In the Future, Your Touchscreens Will Touch You Back


You comfort your grieving friend online over chat, but you can’t reach out and touch their shoulder

Posted On:  05 Jan . 2017
In the Future, Your Touchscreens Will Touch You Back
 

You comfort your grieving friend online over chat, but you can’t reach out and touch their shoulder. You buy shoes at Zappos, comparison shopping all your favorite brands, but you can’t make eye contract with the checkout clerk and smile at some silly joke they make. You get advice from a therapist online, but you can’t see in their eyes that your story touches a nerve. You flirt online, but you can’t sneak a kiss.

There’s a lot to be said for the convenience of all our new electronic options. But on the web, we put convenience first at the expense of lost face-to-face human interaction and the interpersonal touch that goes along with it. This tactile deprivation has made us “tactless” in the original sense of the word.

We increasingly lack the experience of human touch, that crucial form of social glue. Even incidental social touch is crucial. It connects people in the community and in the workplace, fostering emotions of gratitude, sympathy, and trust. People who are gently touched by a server in a restaurant tend to leave larger tips. Doctors who touch their patients are rated as more caring, and their patients have reduced stress-hormone levels and better medical outcomes. Even shopkeepers sell more merchandise when they briefly and lightly touch their customers on the arm.

And it’s not just human touch that is lacking online. Social scientists have shown that the way certain objects feel has a large influence on buying decisions and that consumers prefer to choose their purchases from sellers who allow their products to be touched. This is a particularly strong effect for products that come in contact with the body like shoes, bed linens, clothing and cosmetics. And this positive effect of touch is not limited to soft or silky things. In 1932, Sheldon and Arens wrote a now-classic book entitled Consumer Engineering in which they implored manufacturers to produce a product- whether it be a fountain pen, a compact or a pipe that “snuggles in the palm.” Indeed, in one recent study conducted by the marketing consultant firm Millward Brown, the feel of a mobile phone was reported to be more important than it’s appearance for 35 percent of consumers.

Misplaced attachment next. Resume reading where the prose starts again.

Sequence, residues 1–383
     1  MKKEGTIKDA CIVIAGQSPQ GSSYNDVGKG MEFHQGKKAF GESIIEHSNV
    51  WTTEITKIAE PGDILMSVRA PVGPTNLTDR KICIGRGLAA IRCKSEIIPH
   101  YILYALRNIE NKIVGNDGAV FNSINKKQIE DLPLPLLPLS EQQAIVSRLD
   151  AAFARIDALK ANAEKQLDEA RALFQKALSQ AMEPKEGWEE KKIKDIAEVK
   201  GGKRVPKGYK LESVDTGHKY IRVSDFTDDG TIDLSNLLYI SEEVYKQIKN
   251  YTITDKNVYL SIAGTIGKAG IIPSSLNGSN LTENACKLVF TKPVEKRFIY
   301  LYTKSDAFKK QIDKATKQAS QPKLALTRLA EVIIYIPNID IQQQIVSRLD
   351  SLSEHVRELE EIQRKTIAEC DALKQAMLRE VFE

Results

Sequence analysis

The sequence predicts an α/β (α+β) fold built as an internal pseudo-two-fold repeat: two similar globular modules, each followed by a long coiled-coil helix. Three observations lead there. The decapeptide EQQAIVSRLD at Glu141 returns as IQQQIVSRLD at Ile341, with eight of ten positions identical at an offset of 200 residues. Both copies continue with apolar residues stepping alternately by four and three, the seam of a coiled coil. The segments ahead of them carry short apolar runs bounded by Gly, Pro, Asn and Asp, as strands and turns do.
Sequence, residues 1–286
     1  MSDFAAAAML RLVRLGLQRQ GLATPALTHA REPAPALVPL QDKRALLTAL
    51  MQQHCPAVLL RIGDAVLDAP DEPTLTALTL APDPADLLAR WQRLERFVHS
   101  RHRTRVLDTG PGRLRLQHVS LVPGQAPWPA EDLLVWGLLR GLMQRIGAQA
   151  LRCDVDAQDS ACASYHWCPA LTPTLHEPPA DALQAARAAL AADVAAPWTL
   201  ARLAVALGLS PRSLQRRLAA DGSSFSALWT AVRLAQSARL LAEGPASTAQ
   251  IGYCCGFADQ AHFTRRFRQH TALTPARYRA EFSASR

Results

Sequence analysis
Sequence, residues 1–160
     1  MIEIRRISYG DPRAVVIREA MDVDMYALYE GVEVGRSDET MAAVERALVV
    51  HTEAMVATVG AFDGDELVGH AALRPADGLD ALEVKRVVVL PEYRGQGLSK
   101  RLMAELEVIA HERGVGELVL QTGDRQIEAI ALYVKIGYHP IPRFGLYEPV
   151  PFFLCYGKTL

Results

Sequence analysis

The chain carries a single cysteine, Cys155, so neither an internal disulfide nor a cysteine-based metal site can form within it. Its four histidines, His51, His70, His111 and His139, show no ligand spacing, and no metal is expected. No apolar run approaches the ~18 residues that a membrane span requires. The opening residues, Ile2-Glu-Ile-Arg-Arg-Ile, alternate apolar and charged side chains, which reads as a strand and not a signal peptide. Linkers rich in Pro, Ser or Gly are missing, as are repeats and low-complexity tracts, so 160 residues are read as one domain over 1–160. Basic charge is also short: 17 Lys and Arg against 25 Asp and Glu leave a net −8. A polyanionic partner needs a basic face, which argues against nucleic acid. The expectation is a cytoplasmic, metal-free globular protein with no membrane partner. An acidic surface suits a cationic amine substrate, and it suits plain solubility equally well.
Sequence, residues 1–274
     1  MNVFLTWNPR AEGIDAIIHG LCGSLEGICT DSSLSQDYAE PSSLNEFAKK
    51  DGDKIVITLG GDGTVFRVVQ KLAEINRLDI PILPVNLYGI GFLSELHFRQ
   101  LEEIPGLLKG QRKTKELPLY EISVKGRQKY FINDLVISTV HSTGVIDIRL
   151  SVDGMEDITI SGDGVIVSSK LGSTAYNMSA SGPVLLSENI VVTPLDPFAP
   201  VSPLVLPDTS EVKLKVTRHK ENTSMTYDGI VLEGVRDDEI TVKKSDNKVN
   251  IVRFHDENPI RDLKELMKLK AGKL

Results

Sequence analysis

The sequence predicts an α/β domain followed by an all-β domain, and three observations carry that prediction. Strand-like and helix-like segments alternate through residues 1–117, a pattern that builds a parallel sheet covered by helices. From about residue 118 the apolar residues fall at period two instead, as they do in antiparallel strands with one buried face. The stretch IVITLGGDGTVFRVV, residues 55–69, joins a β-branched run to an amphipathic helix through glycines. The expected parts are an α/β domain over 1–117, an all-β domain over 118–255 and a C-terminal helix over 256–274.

While online retail continues to grow, even for products that contact the body, there will come a time when this growth will be limited by the desire to touch the goods on offer. The ability to simulate touch experience with a machine is not widespread at present, but there are reasons to believe that this technology will improve dramatically in the not-too-distant future. Engineers, like Stanford’s Allison Okamura and her co-workers, are building haptic devices that not only synthesize the texture and form of objects, but also react to the user’s movements to give a sense of weight or deformability. Initially, these devices will be used for applications like robotic surgery, allowing the surgeon the feel the tissue contacting the end of the surgical tool, but they will soon flow into the broader marketplace.

 

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